It’s difficult to tell exactly how a good German Pils should taste when even in Germany it’s difficult to find good examples.  I mentioned Algaeuer’s Teutsch Pils and Rothaus’s Tannenzaepfle Pils as 2 examples of Beers that stood out to me in Germany. There are likely more, but you have to find them.

Kai

Offline beersk

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Re: That German lager flavor
« Reply #264 on: September 15, 2012, 06:16:45 PM »
Just got back from two weeks in Germany (near Jena in Thüringen if anyone knows the area) and of course took the opportunity to "recalibrate" the palate.  Interestingly,  I found, while sampling a number of regional and national German Pilsners, some in bottles, some "vom Fass", (Köstritzer, Ur-Krostitzer, Wernesgrüner, König, Saalfelder, Jever, Radeberger, Bitburger are the ones I can remember)  that what I am chasing as a German Pils aroma over here in the US seems to be mostly muted or subdued in Germany, and in some cases it is non-existent (for example in Ur-Krostitzer which I had from the tap at a reputable place run by friends of my brother, that I know plows through the stuff, so I know it was quite fresh).

I've heard/read some comments along those lines but would be interested what others who have been to Germany recently think on this issue....  is it possible that some of what we are discussing here is just a bit of oxidation, perhaps some light- and heat-struck issues, etc, rather than an actual "good" component of a beer that we should be trying to emulate?

Just a thought...

-red

I certainly wouldn't be surprised if that flavor we all seek is just the oxidation/light struck flavor.  Might be chasing ghosts...which is sad if it's true.
This seems to have come to focus on the pils flavor, but I'm more interested in that flavor in Spaten helles or dunkel, or the flavor of a nice bock or doppelbock.
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Online Kaiser

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Re: That German lager flavor
« Reply #265 on: September 15, 2012, 07:04:44 PM »
...but I'm more interested in that flavor in Spaten helles or dunkel, or the flavor of a nice bock or doppelbock.

For the Dunkel and the Doppelbock, I think aging the beer is key.

Kai

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Re: That German lager flavor
« Reply #266 on: September 16, 2012, 09:11:56 AM »
...but I'm more interested in that flavor in Spaten helles or dunkel, or the flavor of a nice bock or doppelbock.

For the Dunkel and the Doppelbock, I think aging the beer is key.

Kai

Having tried Kai's beers, I have to say that if he's aging them to get that flavor, it's the right thing to do.
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Offline ynotbrusum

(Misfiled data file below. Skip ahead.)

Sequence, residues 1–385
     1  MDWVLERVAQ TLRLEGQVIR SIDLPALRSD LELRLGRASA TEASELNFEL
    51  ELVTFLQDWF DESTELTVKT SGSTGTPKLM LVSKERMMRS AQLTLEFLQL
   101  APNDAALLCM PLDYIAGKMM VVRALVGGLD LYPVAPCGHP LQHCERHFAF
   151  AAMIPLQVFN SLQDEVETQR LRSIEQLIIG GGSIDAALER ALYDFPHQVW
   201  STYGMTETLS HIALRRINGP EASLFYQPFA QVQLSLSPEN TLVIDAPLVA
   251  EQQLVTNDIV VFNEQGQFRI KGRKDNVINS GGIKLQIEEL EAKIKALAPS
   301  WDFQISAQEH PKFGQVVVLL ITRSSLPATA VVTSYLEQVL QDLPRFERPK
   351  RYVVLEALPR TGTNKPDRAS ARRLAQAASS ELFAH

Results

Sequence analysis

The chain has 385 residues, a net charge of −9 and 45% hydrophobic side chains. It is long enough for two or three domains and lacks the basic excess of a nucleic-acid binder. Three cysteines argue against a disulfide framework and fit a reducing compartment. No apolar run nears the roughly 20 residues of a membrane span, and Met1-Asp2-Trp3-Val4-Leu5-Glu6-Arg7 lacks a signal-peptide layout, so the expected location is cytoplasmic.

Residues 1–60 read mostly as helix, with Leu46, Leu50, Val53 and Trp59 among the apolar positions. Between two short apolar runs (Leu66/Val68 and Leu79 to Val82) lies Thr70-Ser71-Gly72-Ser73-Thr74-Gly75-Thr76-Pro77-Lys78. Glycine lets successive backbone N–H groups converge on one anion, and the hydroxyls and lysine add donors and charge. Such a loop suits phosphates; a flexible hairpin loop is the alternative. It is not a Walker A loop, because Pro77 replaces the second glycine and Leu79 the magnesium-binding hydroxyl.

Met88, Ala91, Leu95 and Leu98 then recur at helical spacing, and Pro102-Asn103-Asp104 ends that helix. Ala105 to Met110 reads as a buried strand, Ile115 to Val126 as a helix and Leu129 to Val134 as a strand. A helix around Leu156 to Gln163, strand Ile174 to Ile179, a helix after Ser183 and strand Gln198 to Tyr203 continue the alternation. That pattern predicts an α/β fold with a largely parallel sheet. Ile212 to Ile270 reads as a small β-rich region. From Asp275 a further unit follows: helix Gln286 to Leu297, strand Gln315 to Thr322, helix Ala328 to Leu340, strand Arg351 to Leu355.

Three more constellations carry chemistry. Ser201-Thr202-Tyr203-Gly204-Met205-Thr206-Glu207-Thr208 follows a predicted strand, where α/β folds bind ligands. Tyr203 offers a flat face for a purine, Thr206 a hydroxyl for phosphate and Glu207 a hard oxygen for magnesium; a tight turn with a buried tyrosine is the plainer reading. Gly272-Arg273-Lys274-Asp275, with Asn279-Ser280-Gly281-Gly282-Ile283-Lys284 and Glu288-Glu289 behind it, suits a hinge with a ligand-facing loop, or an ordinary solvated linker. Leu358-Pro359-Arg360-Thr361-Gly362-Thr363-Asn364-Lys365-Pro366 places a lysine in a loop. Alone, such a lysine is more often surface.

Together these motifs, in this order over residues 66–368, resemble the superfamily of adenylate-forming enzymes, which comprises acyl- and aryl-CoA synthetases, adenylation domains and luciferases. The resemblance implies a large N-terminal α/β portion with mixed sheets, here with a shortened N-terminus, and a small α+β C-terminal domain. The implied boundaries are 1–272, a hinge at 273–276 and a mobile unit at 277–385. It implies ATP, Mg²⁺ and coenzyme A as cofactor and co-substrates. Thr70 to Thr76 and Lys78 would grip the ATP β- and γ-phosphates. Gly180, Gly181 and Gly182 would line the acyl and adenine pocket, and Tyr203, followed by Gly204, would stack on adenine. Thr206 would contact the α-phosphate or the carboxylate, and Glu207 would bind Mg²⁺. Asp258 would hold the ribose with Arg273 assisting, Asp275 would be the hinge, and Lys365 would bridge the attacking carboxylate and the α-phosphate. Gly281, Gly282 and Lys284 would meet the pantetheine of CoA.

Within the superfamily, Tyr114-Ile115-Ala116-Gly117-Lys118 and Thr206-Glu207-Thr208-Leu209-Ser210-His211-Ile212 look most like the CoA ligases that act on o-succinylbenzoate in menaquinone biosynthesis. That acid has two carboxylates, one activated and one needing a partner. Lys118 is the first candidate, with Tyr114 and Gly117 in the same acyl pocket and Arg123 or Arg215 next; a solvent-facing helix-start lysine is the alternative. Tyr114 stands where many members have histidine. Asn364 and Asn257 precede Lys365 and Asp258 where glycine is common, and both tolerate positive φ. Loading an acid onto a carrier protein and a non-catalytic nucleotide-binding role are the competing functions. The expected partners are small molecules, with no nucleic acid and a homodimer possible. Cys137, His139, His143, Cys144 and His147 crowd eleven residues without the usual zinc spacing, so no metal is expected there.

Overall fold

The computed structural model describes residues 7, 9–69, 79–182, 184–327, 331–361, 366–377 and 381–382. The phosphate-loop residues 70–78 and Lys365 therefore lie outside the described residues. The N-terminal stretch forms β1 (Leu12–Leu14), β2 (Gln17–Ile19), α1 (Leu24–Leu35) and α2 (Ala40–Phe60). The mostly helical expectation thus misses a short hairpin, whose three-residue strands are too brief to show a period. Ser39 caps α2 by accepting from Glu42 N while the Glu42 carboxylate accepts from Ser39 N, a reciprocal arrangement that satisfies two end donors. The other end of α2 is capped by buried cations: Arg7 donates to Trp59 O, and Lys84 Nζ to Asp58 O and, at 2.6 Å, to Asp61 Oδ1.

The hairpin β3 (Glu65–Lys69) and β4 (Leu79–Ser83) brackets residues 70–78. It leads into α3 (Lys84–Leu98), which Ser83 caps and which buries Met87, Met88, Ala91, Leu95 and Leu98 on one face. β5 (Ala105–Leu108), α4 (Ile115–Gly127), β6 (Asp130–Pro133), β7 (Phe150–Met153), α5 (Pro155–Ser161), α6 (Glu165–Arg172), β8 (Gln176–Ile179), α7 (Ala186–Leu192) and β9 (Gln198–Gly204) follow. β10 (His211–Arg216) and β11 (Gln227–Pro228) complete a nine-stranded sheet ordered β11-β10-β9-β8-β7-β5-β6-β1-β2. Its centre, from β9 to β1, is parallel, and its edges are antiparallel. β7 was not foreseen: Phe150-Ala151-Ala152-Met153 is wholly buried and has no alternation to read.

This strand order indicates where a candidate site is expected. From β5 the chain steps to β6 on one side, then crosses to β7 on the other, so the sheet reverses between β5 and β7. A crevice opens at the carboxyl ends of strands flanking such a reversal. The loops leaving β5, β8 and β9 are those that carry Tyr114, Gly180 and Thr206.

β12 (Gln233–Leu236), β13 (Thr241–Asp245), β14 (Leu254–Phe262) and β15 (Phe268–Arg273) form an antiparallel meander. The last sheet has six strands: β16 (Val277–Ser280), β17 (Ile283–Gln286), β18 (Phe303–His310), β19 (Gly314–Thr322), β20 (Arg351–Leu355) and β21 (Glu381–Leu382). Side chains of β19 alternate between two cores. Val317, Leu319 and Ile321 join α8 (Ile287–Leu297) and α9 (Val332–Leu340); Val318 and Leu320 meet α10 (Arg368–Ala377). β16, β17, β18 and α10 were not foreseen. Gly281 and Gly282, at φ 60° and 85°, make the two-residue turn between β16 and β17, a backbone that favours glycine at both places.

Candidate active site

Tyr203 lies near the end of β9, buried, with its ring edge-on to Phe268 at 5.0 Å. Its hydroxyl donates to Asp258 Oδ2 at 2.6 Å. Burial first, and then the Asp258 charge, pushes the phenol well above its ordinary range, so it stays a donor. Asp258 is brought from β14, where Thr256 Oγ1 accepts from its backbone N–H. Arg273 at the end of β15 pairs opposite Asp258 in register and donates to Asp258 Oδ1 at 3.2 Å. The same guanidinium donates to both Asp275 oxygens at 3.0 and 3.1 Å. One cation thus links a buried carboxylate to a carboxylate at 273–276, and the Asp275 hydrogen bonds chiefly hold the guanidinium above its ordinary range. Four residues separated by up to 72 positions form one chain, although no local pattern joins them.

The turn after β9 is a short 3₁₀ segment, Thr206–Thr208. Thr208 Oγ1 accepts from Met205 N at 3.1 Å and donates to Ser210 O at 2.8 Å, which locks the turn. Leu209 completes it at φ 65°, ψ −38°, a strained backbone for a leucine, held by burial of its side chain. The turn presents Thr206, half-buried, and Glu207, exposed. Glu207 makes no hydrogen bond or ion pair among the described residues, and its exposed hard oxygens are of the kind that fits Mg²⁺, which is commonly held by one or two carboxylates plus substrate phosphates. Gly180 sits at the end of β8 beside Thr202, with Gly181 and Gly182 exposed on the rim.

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Re: That German lager flavor
« Reply #267 on: September 16, 2012, 06:25:19 PM »
I base my "German" flavor on the German beer that my friend brings back from Germany - he travels there at least twice a month, but he usually brings back Franfurt area beers, like Binding, Licher and Henninger.  I know that they are as mass produced as any other like Spaten or Augustiner, but I like them and they are extremely fresh.

I stop and pick up Leo's beers at least twice a year and they taste very good and I think that they mimic the German profile very well.

I have been fermenting cold with bottled spring water and calcium chloride additions and most of my friends are pretty happy with the results.  I try to stay consistent with my methods, but I don't have a pH meter to test acidity levels.  For the average homebrewer, I think the best we can do is make a style over and over and over until we get what we like.

All that having been said, it is interesting to hear from those of you that have the science behind the process to help us non-science types cut down on the trials and errors.  Please keep up the posting, as it helps the intermediate brewers greatly.
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Offline craigevo

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Re: That German lager flavor
« Reply #268 on: September 17, 2012, 01:44:55 AM »
Martin, when you say make sure your wort pH in the kettle ends up in the 5.3 to 5.4 range when measured at room temperature...

Do you mean pH at the start of the boil or end of the boil ?

Offline mabrungard

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Re: That German lager flavor
« Reply #269 on: September 17, 2012, 05:43:43 AM »
That is a Start of boil pH.
Martin B